A couple of really interesting talks today by some serious heavyweights in the learning, technology, and innovation fields: Stephen Coller (Gates Foundation), Ken Koedinger (CMU) & Ryan Baker (Columbia).
Stephen Coller opened the talks discussing how learning analytics can help us transform education and the challenges of bringing this to “market” (adoption in larger scales). Stephen noted that there is a common goal of most people in education to pursue the improvement of “the instructional core”. What I found particularly interesting is that he touted 3 key ways to really improve learning gains for students we need: (1) Change the rigour of the content that students are being asked to interact with; (2) Increase the knowledge and the skills of the teachers teaching the content; or (3) Alter the relationship of the student to the teacher and the content. Each of these are really powerful (but complex) means for making these changes and Stephen pointed out that changing one will probably have an effect on the other three as well.
He also noted the minerva project which approaches higher education through an interdisciplinary, real-world, authentic problem based curriculum. He noted that this form of learning may very well find its way into smaller college settings. This growing of authentic skills which are applied to real problems is really interesting and I could see it being a real motivator for students within such curricula.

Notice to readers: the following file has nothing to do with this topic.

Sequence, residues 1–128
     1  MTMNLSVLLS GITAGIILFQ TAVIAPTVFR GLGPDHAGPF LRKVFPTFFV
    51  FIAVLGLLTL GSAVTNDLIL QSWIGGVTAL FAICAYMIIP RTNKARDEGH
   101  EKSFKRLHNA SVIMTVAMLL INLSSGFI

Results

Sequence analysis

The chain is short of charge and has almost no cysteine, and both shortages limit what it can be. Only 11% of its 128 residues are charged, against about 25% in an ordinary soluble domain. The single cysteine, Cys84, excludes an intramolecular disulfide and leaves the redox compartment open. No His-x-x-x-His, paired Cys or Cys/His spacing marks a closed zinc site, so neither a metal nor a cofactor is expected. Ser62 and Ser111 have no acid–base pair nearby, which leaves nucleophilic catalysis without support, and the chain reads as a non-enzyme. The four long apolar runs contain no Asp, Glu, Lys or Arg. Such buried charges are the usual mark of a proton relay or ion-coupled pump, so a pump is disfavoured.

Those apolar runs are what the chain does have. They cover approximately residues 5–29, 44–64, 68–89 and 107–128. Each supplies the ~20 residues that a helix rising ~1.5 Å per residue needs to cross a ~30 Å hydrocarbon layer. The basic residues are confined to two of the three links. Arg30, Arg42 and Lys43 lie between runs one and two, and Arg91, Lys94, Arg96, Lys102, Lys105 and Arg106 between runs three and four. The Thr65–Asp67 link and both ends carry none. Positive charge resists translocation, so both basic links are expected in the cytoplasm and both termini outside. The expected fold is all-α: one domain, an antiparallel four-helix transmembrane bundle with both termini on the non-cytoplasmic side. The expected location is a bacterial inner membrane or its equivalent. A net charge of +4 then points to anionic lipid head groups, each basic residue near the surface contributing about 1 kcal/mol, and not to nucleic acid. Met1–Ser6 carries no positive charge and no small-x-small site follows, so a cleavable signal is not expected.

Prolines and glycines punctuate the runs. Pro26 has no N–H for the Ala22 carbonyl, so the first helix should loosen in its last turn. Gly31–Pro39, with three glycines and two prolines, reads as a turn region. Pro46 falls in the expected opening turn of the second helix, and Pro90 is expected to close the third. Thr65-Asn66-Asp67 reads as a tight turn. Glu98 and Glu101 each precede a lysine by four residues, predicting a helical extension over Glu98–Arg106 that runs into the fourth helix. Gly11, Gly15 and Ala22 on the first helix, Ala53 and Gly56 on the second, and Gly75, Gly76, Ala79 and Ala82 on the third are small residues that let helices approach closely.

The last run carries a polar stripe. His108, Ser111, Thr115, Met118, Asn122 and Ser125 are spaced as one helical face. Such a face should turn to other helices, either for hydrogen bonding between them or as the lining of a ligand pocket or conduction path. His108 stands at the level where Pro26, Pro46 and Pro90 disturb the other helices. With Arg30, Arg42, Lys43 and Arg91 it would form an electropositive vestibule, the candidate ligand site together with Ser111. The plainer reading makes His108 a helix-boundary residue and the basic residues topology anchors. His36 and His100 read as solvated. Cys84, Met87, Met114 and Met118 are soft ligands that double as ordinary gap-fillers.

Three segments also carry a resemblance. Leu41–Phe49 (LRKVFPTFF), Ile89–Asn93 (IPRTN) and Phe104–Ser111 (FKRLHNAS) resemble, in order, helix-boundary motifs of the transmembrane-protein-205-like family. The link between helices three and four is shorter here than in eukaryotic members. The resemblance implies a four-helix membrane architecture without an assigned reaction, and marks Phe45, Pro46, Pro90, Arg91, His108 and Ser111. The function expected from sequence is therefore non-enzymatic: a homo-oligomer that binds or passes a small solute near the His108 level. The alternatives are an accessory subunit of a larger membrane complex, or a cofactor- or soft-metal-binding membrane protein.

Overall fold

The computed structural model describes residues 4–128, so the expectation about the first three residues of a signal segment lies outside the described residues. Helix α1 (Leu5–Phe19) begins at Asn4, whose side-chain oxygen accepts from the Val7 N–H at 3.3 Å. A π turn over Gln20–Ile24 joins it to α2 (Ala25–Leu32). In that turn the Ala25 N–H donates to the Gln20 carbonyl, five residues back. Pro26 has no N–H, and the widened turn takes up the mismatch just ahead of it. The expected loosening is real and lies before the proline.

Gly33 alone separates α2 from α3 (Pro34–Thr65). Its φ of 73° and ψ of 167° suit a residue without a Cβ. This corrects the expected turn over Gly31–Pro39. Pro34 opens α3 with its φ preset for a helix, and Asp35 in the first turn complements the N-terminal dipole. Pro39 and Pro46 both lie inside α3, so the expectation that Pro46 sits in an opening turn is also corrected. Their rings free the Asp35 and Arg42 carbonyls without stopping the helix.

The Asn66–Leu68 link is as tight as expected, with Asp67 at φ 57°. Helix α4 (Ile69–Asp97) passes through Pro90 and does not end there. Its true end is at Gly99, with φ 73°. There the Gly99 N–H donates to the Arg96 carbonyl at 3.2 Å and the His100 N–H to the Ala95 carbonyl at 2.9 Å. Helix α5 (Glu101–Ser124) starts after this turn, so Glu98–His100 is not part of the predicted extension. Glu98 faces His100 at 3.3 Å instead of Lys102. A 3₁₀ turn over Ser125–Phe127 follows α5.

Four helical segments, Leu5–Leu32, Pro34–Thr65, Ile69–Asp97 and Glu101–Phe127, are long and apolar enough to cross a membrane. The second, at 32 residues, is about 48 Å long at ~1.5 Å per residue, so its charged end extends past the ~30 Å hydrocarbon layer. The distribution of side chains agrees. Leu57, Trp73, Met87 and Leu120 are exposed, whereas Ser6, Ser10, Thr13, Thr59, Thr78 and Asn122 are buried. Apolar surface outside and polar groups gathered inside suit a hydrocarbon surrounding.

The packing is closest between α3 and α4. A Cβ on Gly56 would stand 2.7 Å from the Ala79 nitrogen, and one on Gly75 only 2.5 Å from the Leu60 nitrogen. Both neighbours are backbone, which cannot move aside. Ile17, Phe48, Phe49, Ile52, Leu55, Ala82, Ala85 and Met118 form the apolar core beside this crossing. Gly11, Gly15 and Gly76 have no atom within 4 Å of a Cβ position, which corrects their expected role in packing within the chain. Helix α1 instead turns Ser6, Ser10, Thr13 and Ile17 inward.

Ken and Ryan did back to back talks on how they focus on what drilling deeply into student interaction and result data has told them about their designs and how to either improve them or to give direct insight into teaching and instruction practices. What really stood out here was the notion of “expert blind spots” – that we as researchers too often feel we know what we know (when in truth we might be missing critical factors or insights because we aren’t looking at the issue objectively). Instead Ken and Ryan showed how LA and data mining can reveal things about our curricular designs that we may not have seen (and could be adversely affecting our designs). Ken stated that “Intuitive design is not reliable”, and that careful analysis was more fruitful. I challenged him slightly on this noting that intuition is sometimes need in new or innovative designs (where we don’t have rich data from which to build on), he gave me one of the most memorable quotes of the conference “The hare of intuitive design and the tortoise of cumulative science”.